You’ll find in Viola’s work an interplay of time and emotion, and motive expressions of a range of human experiences. Also notable is the recurring theme of natural elements, with a startling emphasis on water and immersion. Only speculating here, but this could very well be a constant reliving of a near-drowning incident from his youth, which took him to what he later described as “the most beautiful world I’ve ever seen in my life.”

Whatever the impetus, Bill Viola seems driven to keeping showing us the flickering and unfolding images that describe his world, our world, and worlds both alien and disturbingly familiar….

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Coda 2014: Hope, fear, and necessity

Perception is reality. That’s a mantra that I wallow in daily, using it as both a business/marketing lever, and as a psychological anchor. It reminds me that, for good or ill, our world and our positions in it are largely self-created.

The implications of this are usually pretty stark.

That’s never been more clear, to me at least, than in the wrap-up and the look back at this year that just ended. The perception—and I don’t think I’m alone in this—is that 2014 was one godawful year. It was a year of fear, and of bouncing from one crisis to another. It was a year of reactions, and of being reactionary. It was not a year of progress, or cooperation, or communal synergy.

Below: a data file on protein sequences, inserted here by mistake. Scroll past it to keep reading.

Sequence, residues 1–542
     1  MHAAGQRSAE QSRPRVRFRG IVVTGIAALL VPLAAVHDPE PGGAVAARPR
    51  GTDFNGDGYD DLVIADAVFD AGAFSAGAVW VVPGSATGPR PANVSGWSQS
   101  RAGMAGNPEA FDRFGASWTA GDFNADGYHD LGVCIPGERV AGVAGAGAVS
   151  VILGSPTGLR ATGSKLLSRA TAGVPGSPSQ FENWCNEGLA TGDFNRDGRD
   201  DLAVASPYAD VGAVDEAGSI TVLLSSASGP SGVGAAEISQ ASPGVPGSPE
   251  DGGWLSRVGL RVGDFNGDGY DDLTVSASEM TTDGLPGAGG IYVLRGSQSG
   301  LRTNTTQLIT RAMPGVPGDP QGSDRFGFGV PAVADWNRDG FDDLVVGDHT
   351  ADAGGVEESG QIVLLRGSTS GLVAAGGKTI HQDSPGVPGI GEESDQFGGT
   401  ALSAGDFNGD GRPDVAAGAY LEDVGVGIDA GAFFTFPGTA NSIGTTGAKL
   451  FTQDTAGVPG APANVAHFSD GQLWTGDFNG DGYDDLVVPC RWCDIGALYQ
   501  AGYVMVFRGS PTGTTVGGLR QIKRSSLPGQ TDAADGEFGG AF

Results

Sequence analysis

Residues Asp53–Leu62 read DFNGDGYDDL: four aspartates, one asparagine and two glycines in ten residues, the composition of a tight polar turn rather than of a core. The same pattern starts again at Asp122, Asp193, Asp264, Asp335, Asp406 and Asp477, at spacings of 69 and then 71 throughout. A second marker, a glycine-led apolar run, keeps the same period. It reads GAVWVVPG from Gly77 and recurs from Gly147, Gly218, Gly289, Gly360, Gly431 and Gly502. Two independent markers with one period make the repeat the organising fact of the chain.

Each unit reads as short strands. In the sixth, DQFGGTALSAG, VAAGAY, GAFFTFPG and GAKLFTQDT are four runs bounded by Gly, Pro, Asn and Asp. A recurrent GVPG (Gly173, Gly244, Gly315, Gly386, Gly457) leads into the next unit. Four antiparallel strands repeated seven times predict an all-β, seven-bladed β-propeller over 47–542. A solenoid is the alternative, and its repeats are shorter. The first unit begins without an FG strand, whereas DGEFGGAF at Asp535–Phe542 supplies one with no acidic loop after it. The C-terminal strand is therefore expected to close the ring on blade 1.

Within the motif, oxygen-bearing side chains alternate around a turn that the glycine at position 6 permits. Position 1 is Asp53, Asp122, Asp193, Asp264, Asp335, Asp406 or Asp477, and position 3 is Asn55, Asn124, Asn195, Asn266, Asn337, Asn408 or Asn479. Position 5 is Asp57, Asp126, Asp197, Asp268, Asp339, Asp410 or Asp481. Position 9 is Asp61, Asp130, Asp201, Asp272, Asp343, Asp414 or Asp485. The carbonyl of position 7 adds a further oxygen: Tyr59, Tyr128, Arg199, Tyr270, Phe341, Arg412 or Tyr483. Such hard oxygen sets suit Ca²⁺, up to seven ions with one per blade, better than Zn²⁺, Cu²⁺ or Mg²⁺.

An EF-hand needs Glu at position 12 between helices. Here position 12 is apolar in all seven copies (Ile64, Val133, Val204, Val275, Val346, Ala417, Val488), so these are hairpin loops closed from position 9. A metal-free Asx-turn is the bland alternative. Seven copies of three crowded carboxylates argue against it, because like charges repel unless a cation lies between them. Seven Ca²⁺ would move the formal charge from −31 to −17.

At least, that’s the perception. Any objective analysis has to allow that developments in ’14 weren’t uniformly bad. There was economic recovery, there were tantalizing hints that intelligent collaboration could, against all expectation, trump some of our thorniest problems.

But objective reality aside, we have to come to grips with the pessimism that 2014 engendered, and with the frightening truth that this pessimism (which doesn’t seem likely to abate just because the calendar clicked ahead one digit) is going to be self-perpetuating. And I have to come to grips with my own participation in that.

Because to be sure, I do have my own whopping dose of pessimism. It’s hard to shake.

Having examined it, though—or to be more accurate, having examined its root causes—I’ve sort of hardened into being a single-issue pessimist. Which is another way of saying I’m now a single-issue voter, and ultimately a single-issue obsessor.